5 ways Diversity and Inclusion benefit your tech company
Diversity and Inclusion, also commonly referred to as “D&I” are the two buzzwords that we see the HR leaders talk about proactively. But what’s the significance of it – especially in scenarios where top-notch tech talent is difficult to find? Is it something that HRs do just to keep themselves busy and meet the compliance requirements or it has something way more important that affects the signal most important goal of your business, i.e. growth?
A report from McKinsey reveals that diverse companies perform better, hire better talents, have more engaged employees, and retain workers better than companies that do not focus on diversity and inclusion. Yet, historically the participation of minority groups like the Blacks stands below 9% in STEM jobs and below 30% in computer-related fields as per this Pew Research report from April 2021.
Though we created Skillspace.ai to reduce bias in hiring and make assessments skill-based, not all industry leaders are aware of how important diversity is in tech workplaces. In this article, we discuss five reasons that illustrate how diversity is important for technology companies.
1. Diversity and Inclusion directly impacts your products over time
There is often a bias in decision-making in the workplace due to a lack of diversity and inclusion. This impacts technology-related decisions, breadth of innovation, and to top it all, the quality of your products down to the granular level. Due to the fact that technologies are not neutral, a lot of human bias can be transferred to machines. There are several examples, including this one from Amazon’s hiring team where their tech hiring tool had to be scrapped as it was found to be biased towards men. This Time Magazine’s publication articulates it aptly by saying that it’s becoming increasingly clear just how important it is to have broader representation in the design, development, deployment, and governance in the case of engineering and AI. The underrepresentation of certain groups not only makes product decisions biased but can also render algorithms useless, leading to sub-optimal results over the long term.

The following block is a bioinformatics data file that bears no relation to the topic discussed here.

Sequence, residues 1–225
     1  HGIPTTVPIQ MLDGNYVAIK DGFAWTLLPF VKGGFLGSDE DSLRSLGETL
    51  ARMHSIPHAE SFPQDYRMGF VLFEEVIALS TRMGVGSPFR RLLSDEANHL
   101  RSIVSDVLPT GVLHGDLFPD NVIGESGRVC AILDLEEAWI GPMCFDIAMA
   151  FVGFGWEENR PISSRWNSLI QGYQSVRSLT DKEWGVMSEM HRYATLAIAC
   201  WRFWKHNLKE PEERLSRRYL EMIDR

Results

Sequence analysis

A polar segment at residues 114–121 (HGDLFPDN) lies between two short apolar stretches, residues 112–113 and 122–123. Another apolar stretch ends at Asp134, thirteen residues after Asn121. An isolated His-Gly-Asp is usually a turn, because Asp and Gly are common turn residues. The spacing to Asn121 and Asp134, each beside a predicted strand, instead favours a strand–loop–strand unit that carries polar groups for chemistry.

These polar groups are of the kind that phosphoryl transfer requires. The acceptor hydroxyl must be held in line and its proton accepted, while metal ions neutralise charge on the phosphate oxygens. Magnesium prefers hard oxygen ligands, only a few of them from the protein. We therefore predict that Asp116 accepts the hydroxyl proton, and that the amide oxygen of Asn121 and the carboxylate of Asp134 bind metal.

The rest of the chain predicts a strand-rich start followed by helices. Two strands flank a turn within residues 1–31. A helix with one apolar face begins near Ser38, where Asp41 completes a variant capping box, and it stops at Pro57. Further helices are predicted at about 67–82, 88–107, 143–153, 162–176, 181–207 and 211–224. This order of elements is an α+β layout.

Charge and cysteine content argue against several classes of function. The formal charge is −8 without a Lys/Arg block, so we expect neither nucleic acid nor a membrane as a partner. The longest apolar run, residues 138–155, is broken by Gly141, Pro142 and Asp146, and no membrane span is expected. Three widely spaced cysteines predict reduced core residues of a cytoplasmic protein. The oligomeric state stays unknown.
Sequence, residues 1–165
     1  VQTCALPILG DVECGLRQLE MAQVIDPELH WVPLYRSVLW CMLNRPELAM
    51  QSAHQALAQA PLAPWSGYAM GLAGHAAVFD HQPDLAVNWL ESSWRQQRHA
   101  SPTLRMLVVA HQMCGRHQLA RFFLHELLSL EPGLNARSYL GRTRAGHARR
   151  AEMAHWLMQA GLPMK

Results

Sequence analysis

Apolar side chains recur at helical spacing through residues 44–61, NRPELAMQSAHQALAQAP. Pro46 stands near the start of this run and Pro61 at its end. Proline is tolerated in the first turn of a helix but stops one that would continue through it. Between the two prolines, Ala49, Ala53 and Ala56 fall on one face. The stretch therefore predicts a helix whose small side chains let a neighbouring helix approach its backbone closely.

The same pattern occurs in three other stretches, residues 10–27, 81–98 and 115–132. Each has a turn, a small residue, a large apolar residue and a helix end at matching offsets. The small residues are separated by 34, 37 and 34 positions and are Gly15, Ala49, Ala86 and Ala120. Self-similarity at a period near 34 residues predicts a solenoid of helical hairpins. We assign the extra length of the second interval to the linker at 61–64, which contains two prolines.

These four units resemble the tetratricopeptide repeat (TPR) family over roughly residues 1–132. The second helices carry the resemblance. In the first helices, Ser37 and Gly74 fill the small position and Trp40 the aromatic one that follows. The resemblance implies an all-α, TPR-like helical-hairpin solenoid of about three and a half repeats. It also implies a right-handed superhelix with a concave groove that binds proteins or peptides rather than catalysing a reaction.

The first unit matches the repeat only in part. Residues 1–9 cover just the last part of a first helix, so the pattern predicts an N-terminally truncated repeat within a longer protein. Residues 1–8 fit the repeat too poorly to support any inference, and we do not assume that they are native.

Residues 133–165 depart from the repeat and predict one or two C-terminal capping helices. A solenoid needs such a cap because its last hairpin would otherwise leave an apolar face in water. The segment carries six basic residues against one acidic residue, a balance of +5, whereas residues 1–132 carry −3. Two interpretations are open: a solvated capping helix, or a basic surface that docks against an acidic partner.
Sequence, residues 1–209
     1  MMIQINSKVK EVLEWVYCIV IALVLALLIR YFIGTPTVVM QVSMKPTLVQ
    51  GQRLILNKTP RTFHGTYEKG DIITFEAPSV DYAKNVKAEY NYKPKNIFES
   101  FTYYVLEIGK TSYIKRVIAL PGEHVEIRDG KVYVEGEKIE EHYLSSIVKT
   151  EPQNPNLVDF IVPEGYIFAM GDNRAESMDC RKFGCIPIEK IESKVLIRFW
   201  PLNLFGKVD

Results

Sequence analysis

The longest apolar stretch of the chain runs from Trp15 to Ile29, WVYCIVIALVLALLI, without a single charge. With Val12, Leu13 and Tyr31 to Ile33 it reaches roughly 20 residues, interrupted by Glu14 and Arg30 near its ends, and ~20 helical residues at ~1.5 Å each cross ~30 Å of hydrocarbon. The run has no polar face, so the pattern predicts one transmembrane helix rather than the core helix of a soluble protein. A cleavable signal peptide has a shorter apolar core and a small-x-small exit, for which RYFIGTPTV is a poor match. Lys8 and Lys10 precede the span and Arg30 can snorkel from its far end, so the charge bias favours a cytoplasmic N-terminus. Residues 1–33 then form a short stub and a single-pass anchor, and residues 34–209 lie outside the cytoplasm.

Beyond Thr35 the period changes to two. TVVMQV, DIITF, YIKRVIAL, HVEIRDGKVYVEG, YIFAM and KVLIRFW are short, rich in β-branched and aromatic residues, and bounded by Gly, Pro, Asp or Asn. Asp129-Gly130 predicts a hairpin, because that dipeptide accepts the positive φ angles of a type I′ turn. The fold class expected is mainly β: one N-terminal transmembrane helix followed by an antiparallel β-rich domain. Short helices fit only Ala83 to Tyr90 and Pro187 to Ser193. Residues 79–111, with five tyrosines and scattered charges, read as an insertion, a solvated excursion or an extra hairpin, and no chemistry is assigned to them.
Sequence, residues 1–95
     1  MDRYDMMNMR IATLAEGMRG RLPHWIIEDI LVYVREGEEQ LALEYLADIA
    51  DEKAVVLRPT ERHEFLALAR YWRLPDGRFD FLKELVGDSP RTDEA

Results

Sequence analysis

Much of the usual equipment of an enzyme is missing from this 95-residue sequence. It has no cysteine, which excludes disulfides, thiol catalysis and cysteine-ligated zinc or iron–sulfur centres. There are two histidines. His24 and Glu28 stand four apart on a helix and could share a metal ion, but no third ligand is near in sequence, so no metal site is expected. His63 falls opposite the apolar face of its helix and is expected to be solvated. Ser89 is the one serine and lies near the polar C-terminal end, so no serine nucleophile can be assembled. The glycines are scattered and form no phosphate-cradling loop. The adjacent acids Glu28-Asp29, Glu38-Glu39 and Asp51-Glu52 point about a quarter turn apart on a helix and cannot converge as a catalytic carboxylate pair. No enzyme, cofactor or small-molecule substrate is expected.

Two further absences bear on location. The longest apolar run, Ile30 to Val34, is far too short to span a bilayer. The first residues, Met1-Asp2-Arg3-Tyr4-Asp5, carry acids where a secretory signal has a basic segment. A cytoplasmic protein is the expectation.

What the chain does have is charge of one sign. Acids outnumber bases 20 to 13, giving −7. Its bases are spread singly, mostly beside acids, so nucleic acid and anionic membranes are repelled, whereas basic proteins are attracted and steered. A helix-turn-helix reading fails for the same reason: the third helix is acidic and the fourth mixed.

2. Customers want to connect with diverse organizations
As per LinkedIn’s Global Recruiting Trends 2018, 49% of employers admit equal opportunity is one of the keys to representing their clients better. And it’s not difficult to understand why.
Due to technological advancements, you can interact with customers from around the world. If you’re a technology company, you’ll likely find that your customers are a diverse bunch of individuals from a range of backgrounds, including race, religion, sexual orientation, social status, and a few other factors. With a diverse workforce, you can interact and build strong relationships with a broader range of customers.
Customer service that is truly effective is rooted in empathy, because it is people who reach out to other people, and customers crave this kind of authenticity in their interactions with brands. As a result of the different backgrounds and thought processes they provide, diverse teams understand different segments of the market and have the potential to open new markets. The ability to understand different cultures also provides companies with the opportunity to gain a larger customer base. In the end, it all comes down to the ability to understand our customers better.
3. Compliance mandates Diversity at the workplace
You may have to comply with different laws depending on where you are and how big your company is.
In the US, federal laws set out anti-discrimination legislation that governs all employers. Additional laws are enacted at the state and local levels. EEOC is the main body in charge of enforcing federal discrimination laws. These regulations apply in every work situation; for example when employers hire, terminate, compensate, promote and train employees. With 15 employees or more, most companies must comply with equal employment opportunity laws such as Title VII, EPA, ADEA, ADA, and GINA.